While ginsenosides play an extremely important role in the medicinal action of ginseng, other key components also work together synergistically with the ginsenosides to provide optimal clinical effectiveness. It is best to use the entire ginseng root, not just ginseng extract or isolated factors of ginseng. Using the entire ginseng root provides the entire spectrum of natural source nutrients, including vitamins, minerals, trace elements and alkaloids that possess spectacular benefits for the human body, but only when they are well absorbed.

Anti-Diabetic Effect of Nanized Ginseng

The graph below shows the comparison of individual differences in serum glucose levels after oral administration of ginseng saponin vs. fermented whole root ginseng This graph depicts the effects of fermented ginseng on serum glucose levels in streptozotocin-induced hyperglycemic rats (i.e. artificial diabetes).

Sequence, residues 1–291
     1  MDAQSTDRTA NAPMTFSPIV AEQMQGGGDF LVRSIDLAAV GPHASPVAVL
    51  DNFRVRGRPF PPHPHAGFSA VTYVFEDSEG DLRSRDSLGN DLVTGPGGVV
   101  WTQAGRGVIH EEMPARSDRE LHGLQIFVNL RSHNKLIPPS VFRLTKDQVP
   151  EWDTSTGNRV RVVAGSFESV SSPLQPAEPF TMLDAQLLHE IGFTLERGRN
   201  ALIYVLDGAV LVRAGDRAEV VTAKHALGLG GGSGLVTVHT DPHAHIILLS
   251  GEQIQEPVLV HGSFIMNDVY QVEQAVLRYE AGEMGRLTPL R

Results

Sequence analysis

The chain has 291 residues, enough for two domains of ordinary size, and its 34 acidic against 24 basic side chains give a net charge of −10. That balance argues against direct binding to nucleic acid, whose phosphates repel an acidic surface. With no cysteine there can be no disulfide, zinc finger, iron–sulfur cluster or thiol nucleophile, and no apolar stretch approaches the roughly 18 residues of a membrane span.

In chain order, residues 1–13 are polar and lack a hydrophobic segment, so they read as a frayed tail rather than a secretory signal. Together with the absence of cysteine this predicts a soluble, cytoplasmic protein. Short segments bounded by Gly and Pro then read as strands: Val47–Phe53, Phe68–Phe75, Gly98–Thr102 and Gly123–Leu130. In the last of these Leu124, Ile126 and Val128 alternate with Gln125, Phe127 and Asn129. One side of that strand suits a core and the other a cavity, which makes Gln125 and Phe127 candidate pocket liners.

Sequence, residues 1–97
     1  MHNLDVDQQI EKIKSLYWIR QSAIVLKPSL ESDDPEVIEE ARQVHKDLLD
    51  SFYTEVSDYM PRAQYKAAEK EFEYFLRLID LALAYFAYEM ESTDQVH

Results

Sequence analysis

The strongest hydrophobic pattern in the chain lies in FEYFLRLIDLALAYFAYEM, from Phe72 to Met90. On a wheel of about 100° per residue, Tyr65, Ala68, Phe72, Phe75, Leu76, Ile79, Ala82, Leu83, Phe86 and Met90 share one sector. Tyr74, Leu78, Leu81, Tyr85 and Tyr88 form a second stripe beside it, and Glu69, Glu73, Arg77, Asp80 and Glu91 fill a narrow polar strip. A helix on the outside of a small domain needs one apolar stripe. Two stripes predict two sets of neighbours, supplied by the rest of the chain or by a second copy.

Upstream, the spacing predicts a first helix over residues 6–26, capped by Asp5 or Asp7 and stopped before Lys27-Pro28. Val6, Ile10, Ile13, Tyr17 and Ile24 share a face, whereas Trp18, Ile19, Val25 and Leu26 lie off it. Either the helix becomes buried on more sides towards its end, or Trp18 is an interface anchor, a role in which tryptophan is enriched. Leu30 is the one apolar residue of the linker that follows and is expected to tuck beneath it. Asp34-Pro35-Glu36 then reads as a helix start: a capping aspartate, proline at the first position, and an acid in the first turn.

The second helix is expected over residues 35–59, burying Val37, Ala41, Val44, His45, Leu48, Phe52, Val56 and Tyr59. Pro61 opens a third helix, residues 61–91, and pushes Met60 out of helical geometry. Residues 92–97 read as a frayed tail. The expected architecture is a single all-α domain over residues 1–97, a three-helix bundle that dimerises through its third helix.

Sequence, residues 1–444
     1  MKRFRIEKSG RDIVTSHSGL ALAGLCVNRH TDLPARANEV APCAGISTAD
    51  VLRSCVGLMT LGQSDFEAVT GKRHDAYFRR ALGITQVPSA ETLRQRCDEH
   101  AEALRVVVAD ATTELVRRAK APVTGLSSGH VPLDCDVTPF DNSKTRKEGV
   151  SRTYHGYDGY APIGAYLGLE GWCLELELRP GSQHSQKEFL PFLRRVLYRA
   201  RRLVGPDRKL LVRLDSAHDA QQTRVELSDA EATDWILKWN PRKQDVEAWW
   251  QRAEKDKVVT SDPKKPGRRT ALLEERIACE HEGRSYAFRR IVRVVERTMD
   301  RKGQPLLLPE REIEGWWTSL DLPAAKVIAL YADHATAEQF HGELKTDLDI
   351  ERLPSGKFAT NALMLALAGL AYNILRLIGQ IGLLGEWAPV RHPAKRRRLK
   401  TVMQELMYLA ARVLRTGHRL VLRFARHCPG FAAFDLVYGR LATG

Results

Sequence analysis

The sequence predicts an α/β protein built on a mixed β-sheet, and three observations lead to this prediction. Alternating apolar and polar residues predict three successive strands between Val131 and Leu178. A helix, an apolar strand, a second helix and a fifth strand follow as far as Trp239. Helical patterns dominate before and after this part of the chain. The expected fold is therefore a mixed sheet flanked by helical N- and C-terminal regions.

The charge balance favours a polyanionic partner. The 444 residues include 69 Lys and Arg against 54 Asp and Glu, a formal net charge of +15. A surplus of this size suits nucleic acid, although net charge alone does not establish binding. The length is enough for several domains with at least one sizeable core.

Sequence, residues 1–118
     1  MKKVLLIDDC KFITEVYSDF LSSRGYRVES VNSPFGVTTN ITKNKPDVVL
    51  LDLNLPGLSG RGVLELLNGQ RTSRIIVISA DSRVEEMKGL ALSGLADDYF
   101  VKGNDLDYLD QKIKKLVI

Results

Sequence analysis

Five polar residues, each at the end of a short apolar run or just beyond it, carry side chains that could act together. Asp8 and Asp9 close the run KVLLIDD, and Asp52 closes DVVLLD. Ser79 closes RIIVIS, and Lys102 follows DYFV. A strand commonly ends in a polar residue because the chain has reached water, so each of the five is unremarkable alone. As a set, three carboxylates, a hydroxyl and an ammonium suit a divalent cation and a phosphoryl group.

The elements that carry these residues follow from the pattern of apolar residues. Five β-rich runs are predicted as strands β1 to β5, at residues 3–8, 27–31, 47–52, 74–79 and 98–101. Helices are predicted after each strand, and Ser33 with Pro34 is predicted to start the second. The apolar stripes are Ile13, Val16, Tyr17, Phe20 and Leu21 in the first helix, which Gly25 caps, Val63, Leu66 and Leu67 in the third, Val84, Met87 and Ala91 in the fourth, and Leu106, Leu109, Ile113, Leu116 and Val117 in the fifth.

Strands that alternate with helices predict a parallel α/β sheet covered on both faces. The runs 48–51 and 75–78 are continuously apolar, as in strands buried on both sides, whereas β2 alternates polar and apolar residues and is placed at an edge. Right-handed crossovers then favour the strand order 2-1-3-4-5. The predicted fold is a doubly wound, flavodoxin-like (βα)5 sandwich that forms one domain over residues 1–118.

Results: This graph shows administration of fermented ginseng to diabetic patients achieved near-normal glucose levels. Results: This graph shows fermented ginseng given to chemically-induced diabetic rats brought blood sugar levels to near-normal range.

Enhancement of Physical Stamina

Comparison of stamina after oral administration of ginseng extract vs. fermented ginseng by Rota-rod (i.e. a rotating rod where the test animal tries to stay upright)

Effect of ginseng extract (200 mg/kg/day p.o.) vs. fermented ginseng (200 mg/kg/day, p.o.) in the motor coordination evaluated in the mouse rota-rod test. Each sample was administered for 1, 2, 3 and 4 weeks. The effects of nanized ginseng are far superior.